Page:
I don’t welcome the input of people outside the district and state as to who I should vote for, so I do not tell anyone else how to vote in THEIR state and district representatives.

          1. About half of us are so enthusiastic about our politicians that we stay home and don’t vote at all. That is on us.

            The trend is for the younger generations to be more progressive, so as long as politicians can engage them enough to vote, things will get better over the next few elections ad the population ages, but we STILL need to get them to vote.

            There is also a movement to get more progressives to run for more public offices. This will slowly build a broader pool of good politicians who will have the public branding necessary for when they run for higher offices. The Bill Clinton regime culled the progressive base and Obama decimated it even further. It will take time to rebuild, but that process has finally started. The nation can’t wait that long, so maybe this pandemic will alter the November results enough to accelerate the necessary changes.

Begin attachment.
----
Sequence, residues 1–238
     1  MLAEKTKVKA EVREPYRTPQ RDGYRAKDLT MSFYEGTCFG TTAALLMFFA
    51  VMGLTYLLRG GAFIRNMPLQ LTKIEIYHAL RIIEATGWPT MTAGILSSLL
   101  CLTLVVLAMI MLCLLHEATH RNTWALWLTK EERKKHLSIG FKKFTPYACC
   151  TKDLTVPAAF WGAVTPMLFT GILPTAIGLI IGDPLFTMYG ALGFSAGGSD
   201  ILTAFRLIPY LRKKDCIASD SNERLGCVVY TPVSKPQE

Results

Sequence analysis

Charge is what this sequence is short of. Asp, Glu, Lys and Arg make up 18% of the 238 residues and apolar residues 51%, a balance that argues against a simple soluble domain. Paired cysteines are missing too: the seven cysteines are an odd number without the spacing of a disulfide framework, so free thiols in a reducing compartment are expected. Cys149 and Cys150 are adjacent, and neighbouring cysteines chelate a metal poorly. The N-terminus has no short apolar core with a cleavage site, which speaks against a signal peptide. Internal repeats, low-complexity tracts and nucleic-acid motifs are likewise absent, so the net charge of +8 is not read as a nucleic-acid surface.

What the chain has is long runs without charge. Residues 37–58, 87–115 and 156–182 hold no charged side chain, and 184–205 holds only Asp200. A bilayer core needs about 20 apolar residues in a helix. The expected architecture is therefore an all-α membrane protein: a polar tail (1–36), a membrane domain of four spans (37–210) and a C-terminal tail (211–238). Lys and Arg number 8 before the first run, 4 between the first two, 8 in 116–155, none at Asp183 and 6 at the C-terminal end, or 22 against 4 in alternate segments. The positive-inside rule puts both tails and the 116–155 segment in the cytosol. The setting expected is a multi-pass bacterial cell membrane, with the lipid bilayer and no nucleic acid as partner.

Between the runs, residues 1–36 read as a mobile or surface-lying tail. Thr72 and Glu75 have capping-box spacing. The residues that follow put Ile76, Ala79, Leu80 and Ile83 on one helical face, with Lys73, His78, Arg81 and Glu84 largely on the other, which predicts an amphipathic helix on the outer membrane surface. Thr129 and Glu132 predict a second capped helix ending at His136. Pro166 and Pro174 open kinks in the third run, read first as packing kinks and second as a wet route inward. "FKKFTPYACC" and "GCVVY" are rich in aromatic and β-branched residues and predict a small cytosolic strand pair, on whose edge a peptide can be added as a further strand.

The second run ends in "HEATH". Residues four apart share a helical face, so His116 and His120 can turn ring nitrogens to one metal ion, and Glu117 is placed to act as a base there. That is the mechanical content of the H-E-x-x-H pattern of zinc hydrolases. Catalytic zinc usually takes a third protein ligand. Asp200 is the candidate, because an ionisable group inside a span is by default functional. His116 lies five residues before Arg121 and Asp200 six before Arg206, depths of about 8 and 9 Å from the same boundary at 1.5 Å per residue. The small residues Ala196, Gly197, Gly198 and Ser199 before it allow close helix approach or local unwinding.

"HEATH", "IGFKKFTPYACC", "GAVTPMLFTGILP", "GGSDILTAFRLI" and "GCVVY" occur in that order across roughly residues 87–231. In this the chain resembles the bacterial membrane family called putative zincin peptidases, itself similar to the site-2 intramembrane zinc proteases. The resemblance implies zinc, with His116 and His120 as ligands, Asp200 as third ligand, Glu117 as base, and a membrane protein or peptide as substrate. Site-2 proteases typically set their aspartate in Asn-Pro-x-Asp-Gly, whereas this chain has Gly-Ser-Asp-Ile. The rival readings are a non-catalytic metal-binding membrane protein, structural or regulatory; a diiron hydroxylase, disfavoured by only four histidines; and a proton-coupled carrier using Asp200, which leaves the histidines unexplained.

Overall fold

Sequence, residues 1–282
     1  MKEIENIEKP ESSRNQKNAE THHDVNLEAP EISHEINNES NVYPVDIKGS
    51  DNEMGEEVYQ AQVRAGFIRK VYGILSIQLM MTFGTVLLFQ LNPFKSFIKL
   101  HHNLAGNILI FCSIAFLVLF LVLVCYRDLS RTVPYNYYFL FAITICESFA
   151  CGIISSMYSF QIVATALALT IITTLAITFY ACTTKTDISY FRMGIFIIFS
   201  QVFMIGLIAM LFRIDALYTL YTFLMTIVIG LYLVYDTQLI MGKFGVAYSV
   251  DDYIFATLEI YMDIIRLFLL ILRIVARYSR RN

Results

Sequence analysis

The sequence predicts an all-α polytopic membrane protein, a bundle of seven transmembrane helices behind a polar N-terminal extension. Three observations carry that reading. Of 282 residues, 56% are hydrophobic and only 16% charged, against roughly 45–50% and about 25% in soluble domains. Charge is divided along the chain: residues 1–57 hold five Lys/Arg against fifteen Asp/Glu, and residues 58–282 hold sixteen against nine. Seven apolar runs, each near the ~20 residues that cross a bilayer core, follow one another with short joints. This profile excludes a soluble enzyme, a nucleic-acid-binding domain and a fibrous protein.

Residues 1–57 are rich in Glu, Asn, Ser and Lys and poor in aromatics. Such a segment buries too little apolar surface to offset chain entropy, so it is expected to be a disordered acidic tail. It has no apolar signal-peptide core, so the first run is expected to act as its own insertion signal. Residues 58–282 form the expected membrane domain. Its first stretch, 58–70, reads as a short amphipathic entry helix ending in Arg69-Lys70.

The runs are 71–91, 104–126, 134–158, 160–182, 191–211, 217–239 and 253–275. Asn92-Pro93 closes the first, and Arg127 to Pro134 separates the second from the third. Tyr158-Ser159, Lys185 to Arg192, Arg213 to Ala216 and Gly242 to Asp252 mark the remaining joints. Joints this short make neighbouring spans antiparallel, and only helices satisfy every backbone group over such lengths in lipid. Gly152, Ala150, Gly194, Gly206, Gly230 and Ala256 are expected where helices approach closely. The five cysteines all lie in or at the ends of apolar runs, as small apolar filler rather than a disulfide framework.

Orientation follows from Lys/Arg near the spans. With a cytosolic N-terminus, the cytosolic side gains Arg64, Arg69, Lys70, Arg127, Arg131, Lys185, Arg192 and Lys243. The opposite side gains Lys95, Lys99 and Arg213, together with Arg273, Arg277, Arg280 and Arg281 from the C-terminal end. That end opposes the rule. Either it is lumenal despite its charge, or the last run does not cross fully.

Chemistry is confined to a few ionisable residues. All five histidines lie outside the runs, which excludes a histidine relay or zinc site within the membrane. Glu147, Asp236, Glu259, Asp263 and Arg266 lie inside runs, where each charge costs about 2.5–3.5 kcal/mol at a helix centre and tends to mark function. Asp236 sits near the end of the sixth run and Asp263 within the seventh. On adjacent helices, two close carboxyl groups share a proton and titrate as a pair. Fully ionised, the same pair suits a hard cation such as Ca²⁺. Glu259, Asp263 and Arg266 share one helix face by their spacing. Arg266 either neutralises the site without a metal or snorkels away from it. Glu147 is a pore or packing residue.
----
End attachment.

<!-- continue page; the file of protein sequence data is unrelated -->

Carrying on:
It still is up to us to elect better politicians. Being hesitant won’t cut it for millions of us. We desperately need help.

          2. Scott, you equate “better” and “more progressive.” SW PA is NEVER going to send an AOC or Rashid Tlaib to Congress. Guy Reshenthaler had a female, medical doctor of Indian ancestry as a general election candidate. R’s painted her as a Muslim that wanted to bring Sharia law. Connor Lamb, in the next door district, had ads with AOC run against him and she wasn’t even in Congress yet!

            WHERE are these districts you see sending Democratic Socialist to Congress in the near future?

    2. We certainly do NOT need any of the Jackass critters running to ruin the Nation. Look at the mess Barry Hussein Odumbo and his demented sidekick -“Sniffer” – left behind. Enough of the Marxism and Socialism failures.

      Trump-Pence in 2020. ANY GOP candidate in 2024 and beyond. Abolish the D’RAT/Socialist/-Communist/Stalinist Party.

      1. In January, 2017 Trump was handed an economy with the unemployment rate of 4.7% . Obama was handed an economy with a 10% unemployment rate. TODAY the unemployment rate is 14.7% for April, 2020. IMPRESSED?

Comments are closed.